Published: 12 Jul 2019
Ian Dalling, CQP FCQI, Chair of the CQI’s Integrated Management special interest group, and Managing Director at Unified Management, speaks to Dina Patel about his experiences in the profession.
How did you begin your career in quality?
I became aware of the importance of quality principles in manufacturing when I started studying engineering in 1960. However, my early career focused on operations in conventional and nuclear power plants involving major hazards. Getting it right first time and every time was essential.
After various posts at Dungeness B Nuclear Power Plant, I was appointed to a newly created quality department in 1989 where finally I had the word ‘quality’ in my job title. I also joined the IQA. I was part of a team implementing a fully integrated management system, providing training to over 700 employees and leading audits covering the totality of the plant’s operations and management. It was a pivotal moment in my career.
What does your role as chair of the CQI’s Integrated Management SIG (IMSIG) involve?
The CQI Integrated Management Special Interest Group is a think tank created in 1996 after the International Organization for Standardization (ISO) started fragmenting its management system standards by publishing ISO 14001 Environmental Management rather than extending the scope of ISO 9001. IMSIG has given integrated management a theoretical and practical foundation and created MSS 1000:2014, the world’s first universal comprehensive auditable management system standard. It supports fully integrated management systems without boundaries and has the capability to streamline audit and certification processes.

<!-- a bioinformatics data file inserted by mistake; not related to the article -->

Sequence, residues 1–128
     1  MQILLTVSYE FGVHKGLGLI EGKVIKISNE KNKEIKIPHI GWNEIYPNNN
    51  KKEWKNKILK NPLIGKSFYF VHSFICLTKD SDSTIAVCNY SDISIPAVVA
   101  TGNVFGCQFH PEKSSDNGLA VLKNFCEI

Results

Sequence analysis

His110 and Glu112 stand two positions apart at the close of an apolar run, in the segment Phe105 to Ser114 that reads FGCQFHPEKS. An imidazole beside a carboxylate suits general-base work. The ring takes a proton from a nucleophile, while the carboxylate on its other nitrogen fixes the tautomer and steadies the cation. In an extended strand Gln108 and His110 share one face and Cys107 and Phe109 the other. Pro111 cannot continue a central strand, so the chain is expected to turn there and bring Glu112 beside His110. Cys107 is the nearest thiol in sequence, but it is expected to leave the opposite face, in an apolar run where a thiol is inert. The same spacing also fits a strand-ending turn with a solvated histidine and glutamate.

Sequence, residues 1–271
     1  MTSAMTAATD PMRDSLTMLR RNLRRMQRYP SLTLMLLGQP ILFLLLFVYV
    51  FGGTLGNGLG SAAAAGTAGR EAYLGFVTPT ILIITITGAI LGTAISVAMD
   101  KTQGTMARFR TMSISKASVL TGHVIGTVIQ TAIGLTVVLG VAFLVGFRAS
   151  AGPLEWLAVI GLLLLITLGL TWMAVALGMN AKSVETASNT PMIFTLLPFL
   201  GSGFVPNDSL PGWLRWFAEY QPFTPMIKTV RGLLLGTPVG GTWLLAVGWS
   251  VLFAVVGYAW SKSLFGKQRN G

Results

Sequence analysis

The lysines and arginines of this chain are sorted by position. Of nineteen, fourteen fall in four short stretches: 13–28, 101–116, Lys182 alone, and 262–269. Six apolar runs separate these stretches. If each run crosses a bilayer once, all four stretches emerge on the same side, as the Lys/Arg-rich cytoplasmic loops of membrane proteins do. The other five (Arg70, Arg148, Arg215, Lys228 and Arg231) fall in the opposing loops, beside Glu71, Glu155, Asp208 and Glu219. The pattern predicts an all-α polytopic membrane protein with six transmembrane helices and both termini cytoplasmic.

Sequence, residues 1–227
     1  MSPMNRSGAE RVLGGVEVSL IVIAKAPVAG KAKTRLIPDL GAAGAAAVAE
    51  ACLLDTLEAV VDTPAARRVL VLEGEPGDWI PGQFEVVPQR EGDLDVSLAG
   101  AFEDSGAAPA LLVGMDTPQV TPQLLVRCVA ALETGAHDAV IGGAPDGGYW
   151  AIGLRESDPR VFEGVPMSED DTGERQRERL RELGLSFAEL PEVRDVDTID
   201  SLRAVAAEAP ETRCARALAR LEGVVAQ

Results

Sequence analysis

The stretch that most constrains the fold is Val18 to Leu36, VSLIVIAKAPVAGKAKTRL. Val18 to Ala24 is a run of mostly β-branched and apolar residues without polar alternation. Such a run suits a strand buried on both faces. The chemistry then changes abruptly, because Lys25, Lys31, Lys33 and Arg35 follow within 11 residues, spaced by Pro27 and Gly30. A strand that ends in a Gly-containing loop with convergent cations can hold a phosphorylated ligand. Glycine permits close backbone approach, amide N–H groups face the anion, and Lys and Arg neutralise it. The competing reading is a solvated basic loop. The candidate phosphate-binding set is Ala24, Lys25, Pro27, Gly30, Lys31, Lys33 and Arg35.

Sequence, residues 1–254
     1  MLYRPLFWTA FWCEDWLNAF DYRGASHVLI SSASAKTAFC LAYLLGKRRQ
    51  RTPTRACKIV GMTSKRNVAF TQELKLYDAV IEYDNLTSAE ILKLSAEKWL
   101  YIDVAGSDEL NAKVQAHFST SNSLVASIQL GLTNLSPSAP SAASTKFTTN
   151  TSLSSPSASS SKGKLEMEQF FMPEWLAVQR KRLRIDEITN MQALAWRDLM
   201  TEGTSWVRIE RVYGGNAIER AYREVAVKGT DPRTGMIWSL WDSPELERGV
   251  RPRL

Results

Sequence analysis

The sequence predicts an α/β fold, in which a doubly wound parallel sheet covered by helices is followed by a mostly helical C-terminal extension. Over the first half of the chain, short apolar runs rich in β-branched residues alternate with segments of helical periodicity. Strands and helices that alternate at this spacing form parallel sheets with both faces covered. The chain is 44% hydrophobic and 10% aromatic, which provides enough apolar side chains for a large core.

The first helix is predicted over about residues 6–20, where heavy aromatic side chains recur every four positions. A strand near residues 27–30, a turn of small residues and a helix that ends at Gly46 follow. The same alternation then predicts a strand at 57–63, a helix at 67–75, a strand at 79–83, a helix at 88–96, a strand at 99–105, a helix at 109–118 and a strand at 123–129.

I was part of a team implementing a fully integrated management system, providing training to over 700 employees
How has the CQI helped your professional development?
It has helped me hone many skills. Most significantly, it has acted as a catalyst for improvement and has been invaluable in my consultancy and chairing the IMSIG. The CQI has facilitated my networking with like-minded management professionals enabling the scope of quality management to be broadened and embrace all aspects of management without restrictions.
What did you learn during your time on the British Standards Committee for BS 8800:1996 Guide to occupational health and safety management systems?
BS 8800:1996 was the forerunner to BS OHSAS 18001 Occupational Health and Safety and ISO 45001 Occupational Health and Safety, but it was a bumpy start demonstrating that creating standards is often controversial. The 50-strong committee had a spread of views including whether the standard was necessary and should be auditable. Disagreement necessitated BS8800 being published in two versions: ISO or HSG65 structure. I preferred ISO but abstained from the vote stating that I would not risk non-publication if either form had the potential to save life.
What have you learned about quality management in the various sectors your clients operate in?
Although quality principles transcend space and time, their application can be diverse and in need of specialist competence. Major infrastructure projects such as nuclear power plants tend to be bespoke, while mass production lends itself to repeated testing, study and statistical methods of improvement and control. The cycle of the latter being many more times faster than the former.